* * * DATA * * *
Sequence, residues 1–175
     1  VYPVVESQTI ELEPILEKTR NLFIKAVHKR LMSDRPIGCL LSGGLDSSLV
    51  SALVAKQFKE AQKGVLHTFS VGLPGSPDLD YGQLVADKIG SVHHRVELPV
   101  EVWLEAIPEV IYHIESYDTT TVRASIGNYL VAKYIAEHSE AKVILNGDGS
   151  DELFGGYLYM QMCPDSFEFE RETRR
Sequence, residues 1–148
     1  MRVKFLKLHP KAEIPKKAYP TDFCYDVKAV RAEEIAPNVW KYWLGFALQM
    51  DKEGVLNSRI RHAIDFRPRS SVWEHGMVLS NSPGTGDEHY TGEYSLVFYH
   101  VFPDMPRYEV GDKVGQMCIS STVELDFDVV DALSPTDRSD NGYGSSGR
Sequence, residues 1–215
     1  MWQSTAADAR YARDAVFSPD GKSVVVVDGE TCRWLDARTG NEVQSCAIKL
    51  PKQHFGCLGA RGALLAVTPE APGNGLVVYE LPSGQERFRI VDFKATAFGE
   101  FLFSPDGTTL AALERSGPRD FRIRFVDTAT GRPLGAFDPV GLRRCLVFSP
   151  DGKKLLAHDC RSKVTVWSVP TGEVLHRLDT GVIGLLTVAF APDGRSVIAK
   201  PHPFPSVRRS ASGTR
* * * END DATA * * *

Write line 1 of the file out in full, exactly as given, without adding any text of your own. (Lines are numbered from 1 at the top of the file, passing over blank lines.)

Sequence, residues 1–175